Morning Report: Dovish comments out of Jerome Powell

Vital Statistics:

S&P futures3921-9.4
Oil (WTI)59.02-2.42
10 year government bond yield 1.65%
30 year fixed rate mortgage 3.34%

Stocks are lower this morning as Jerome Powell heads to the Hill for two days of testimony. Bonds and MBS are up.

Bond yields are falling a little on Jerome Powell’s prepared remarks. While he talked about the recovery, he did mention the further work to be done.

Indicators of economic activity and employment have turned up recently. Household spending on goods has risen notably so far this year, although spending on services remains low, especially in sectors that typically require in-person gatherings. The housing sector has more than fully recovered from the downturn, while business investment and manufacturing production have also picked up. As with overall economic activity, conditions in the labor market have recently improved. Employment rose by 379,000 in February, as the leisure and hospitality sector recouped about two-thirds of the jobs it lost in December and January. The recovery has progressed more quickly than generally expected and looks to be strengthening. This is due in significant part to the unprecedented fiscal and monetary policy actions I mentioned, which provided essential support to households, businesses, and communities. However, the sectors of the economy most adversely affected by the resurgence of the virus, and by greater social distancing, remain weak, and the unemployment rate—still elevated at 6.2 percent—underestimates the shortfall, particularly as labor market participation remains notably below pre-pandemic levels. We welcome this progress, but will not lose sight of the millions of Americans who are still hurting, including lower-wage workers in the services sector, African Americans, Hispanics, and other minority groups that have been especially hard hit.

The Biden Administration is working on a $3 trillion infrastructure plan which will include roads and bridges, updating the electrical grid, universal broadband, and tax increases. I don’t think any Republican has voted for a tax increase since the George HW Bush “Read My Lips” moment, so hopes of bipartisanship are probably not going to happen. Regardless, Biden is going to try.

The number of loans in forbearance fell to 5.05%, according to the MBA. “New forbearance requests decreased to their lowest level since last March. Combined with a steady pace of exits, this drop in new requests resulted in a larger decline in the share of loans in forbearance across all investor categories,” said Mike Fratantoni, MBA’s Senior Vice President and Chief Economist. “More than 11 percent of borrowers in forbearance have now exceeded the 12-month mark. We anticipate that servicers will be busy over the next month, with many homeowners opting for the extension for up to 18 months recently made available for federally-backed loans.”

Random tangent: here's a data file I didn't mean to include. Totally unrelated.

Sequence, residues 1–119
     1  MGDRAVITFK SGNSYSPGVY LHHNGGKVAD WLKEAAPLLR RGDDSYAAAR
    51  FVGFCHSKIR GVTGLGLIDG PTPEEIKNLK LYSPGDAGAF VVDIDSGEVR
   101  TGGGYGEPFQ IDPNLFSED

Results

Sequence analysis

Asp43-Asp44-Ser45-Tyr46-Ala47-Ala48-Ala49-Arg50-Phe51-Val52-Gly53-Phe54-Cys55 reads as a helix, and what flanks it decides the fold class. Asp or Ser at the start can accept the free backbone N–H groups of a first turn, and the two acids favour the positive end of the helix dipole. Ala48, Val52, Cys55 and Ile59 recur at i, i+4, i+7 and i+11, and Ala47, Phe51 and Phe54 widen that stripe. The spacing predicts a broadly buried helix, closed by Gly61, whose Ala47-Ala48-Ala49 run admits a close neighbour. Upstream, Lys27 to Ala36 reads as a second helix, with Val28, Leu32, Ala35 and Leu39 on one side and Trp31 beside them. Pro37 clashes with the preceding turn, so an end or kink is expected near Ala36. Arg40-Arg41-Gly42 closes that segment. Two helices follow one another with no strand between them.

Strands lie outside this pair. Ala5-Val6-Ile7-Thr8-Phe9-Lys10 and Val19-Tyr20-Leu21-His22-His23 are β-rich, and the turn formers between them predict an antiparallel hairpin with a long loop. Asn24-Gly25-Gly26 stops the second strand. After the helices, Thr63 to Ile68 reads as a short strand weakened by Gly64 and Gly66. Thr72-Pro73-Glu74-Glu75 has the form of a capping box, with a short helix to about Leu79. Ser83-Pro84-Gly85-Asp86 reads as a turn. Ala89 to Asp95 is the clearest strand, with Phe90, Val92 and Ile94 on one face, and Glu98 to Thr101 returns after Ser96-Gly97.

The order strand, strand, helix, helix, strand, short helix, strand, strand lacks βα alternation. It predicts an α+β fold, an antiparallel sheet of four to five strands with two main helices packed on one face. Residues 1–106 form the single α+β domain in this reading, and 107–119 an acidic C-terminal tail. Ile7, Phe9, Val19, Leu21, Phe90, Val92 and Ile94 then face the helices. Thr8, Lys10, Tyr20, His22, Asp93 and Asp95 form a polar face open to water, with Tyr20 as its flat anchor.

Speaking of the MBA, it had issued a letter that urged the government to reconsider the investment caps for Fannie and Freddie. That letter is no longer on the MBA’s website. Could be wishful thinking on my part, but maybe the government is re-thinking this directive? Janet Yellen could write a letter to FHFA rescinding the last letter, and it would be business as usual. I think the last thing the government wants to see is credit get restricted.

New Home Sales fell 18% to a seasonally-adjusted annual rate of 775,000. This is 18.2% below January, but 8% above last February. I suspect this is weather-driven, but higher input prices are having an effect as well.

Dallas Fed Head Robert Kaplan said he was one of the members who would vote for a rate hike in 2022.

The forecast has improved, my forecast has improved meaningfully,” said Kaplan, adding that he is expecting 6.5% growth in gross domestic product in 2021, in line with the median committee estimate. Having said that, we’re still in the middle of the pandemic, and I want to see more than a forecast. I want to see actual evidence that that forecast is going to unfold. As we do, and as we make substantial further progress in meeting our dual mandate goals, I for one am going to be an advocate of beginning the process of moving some of these extraordinary monetary measures and doing it sooner rather than later,” he said. “But I need to see outcomes, not just a strong forecast.

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